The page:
Origins of food reinforcement in infants 1 – 5

Abstract

Background: Rapid weight gain in infancy is associated with a higher risk of obesity in children and adults. A high relative reinforcing value of food is cross-sectionally related to obesity; lean children find nonfood alternatives more reinforcing than do overweight/obese children. However, to our knowledge, there is no research on how and when food reinforcement develops. Objective: This study was designed to assess whether the reinforcing value of food and nonfood alternatives could be tested in 9to 18-mo-old infants and whether the reinforcing value of food and nonfood alternatives is differentially related to infant weight status. Design: Reinforcing values were assessed by using absolute progressive ratio schedules of reinforcement, with presentation of food and nonfood alternatives counterbalanced in 2 separate studies. Two nonfood reinforcers [Baby Einstein–Baby MacDonald shows (study 1, n = 27) or bubbles (study 2, n = 30)] were tested against the baby’s favorite food. Food reinforcing ratio (FRR) was quantified by measuring the reinforcing value of food (Food Pmax) in proportion to the total reinforcing value of food and a nonfood alternative (DVD Pmax or BUB Pmax). Results: Greater weight-for-length z score was associated with a greater FRR of a favorite food in study 1 (FRR-DVD) (r = 0.60, P , 0.001) and FRR of a favorite food in study 2 (FRRBUB) (r = 0.49, P = 0.006), primarily because of the strong association between greater weight-for-length z score and lower DVD Pmax (r = 20.71, P , 0.0001) and BUB Pmax (r = 20.53, P = 0.003). Infant monthly weight gain was positively associated with FRR-DVD (r = 0.57, P = 0.009) and FRR-BUB (r = 0.37, P =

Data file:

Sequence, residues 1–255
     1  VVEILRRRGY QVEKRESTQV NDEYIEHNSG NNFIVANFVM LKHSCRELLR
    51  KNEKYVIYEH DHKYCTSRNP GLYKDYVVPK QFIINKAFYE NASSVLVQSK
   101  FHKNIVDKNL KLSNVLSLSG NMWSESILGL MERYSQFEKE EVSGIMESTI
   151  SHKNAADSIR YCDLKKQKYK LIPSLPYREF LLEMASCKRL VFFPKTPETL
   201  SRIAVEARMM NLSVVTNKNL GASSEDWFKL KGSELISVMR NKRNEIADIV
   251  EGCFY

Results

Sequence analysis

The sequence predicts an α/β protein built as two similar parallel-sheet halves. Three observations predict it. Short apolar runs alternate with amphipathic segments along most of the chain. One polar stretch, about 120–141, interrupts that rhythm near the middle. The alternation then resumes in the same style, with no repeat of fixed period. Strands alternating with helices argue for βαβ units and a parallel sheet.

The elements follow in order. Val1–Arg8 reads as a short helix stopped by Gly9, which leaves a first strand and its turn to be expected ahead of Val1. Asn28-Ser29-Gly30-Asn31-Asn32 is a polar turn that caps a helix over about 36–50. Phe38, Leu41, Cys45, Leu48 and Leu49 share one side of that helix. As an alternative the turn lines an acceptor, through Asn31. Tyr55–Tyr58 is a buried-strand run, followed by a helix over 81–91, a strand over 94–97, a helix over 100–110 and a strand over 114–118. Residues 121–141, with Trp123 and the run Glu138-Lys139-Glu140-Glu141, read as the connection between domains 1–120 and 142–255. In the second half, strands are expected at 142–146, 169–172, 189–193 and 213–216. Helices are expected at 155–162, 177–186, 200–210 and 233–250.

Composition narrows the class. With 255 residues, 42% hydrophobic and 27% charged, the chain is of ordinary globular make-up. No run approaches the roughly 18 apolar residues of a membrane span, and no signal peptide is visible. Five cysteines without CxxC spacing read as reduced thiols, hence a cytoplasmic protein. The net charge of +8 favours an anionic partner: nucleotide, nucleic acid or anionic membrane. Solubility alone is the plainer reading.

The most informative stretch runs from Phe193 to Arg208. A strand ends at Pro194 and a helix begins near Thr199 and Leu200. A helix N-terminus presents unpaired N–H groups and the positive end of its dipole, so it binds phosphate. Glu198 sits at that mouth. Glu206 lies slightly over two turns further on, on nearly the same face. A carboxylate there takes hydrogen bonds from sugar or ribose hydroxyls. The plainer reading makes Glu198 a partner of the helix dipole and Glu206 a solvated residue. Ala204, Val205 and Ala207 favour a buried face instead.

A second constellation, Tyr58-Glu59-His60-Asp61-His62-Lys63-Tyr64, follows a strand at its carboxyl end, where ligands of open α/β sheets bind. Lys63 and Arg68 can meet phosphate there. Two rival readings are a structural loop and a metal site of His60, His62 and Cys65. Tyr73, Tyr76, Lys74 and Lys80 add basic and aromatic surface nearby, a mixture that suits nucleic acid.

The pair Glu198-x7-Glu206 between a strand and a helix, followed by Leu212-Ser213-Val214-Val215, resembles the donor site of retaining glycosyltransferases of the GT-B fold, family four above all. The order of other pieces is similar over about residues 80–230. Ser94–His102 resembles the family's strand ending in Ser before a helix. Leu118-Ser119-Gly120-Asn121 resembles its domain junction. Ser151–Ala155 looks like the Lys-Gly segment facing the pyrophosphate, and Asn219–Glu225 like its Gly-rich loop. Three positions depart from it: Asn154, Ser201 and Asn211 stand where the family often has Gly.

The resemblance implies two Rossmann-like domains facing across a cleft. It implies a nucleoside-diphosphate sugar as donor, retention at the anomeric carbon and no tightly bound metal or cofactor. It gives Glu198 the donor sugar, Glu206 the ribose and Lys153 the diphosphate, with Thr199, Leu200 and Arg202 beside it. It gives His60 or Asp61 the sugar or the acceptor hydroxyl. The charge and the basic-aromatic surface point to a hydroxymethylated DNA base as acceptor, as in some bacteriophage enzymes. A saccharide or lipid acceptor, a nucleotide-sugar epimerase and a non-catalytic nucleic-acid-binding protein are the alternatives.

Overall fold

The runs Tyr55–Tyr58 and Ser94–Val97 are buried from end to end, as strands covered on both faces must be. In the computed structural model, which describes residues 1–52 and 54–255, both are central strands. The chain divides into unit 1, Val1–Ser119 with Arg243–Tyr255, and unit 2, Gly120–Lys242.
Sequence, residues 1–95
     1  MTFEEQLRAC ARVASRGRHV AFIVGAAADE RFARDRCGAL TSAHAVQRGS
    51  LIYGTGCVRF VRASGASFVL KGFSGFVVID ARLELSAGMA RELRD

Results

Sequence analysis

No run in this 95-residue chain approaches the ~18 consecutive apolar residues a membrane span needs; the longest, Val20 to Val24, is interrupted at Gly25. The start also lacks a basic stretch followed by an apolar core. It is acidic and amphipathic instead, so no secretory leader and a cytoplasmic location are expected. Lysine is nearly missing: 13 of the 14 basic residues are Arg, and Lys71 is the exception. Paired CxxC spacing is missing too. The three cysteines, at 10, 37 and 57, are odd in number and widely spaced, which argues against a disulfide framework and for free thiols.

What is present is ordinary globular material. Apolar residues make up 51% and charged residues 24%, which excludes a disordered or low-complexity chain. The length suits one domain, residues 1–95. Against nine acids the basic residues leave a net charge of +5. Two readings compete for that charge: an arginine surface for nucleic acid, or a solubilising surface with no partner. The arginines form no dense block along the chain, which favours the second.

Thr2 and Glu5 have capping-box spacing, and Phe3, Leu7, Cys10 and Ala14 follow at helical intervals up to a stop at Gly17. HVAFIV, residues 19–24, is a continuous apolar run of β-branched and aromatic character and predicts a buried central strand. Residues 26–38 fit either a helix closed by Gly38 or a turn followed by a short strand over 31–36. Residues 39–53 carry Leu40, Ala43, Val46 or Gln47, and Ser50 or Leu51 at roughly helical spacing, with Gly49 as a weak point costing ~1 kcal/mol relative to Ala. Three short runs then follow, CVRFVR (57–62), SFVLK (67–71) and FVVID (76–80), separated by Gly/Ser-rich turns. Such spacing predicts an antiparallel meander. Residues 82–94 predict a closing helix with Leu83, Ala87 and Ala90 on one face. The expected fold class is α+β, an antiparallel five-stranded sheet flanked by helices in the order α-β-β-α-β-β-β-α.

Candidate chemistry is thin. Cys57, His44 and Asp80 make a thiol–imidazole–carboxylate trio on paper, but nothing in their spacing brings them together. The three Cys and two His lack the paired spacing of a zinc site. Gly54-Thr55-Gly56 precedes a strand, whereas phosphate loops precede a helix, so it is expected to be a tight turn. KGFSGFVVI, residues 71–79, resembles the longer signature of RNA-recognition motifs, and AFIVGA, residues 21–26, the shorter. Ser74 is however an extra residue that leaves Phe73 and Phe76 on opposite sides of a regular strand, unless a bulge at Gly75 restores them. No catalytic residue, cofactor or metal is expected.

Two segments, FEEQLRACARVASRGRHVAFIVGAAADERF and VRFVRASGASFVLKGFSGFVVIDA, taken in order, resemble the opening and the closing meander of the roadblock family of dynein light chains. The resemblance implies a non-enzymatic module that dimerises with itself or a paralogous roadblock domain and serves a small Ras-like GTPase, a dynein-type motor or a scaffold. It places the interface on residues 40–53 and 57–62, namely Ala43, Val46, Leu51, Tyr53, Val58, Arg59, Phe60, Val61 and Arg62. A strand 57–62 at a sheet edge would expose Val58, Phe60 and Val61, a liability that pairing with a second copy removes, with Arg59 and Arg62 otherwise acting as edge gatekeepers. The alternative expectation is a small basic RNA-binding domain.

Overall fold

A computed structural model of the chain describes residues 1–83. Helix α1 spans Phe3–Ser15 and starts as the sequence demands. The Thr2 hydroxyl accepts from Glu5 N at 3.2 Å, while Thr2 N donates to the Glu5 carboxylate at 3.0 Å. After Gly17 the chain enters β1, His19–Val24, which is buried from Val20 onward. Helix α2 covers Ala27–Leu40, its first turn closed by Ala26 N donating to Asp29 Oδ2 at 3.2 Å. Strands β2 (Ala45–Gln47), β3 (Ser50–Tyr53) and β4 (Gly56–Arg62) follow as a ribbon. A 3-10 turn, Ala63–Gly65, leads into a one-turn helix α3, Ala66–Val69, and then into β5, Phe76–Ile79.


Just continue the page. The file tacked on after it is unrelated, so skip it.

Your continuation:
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Cite this paper

@inproceedings{Epstein2015OriginsOF, title={Origins of food reinforcement in infants 1 – 5}, author={Leonard H Epstein}, year={2015} }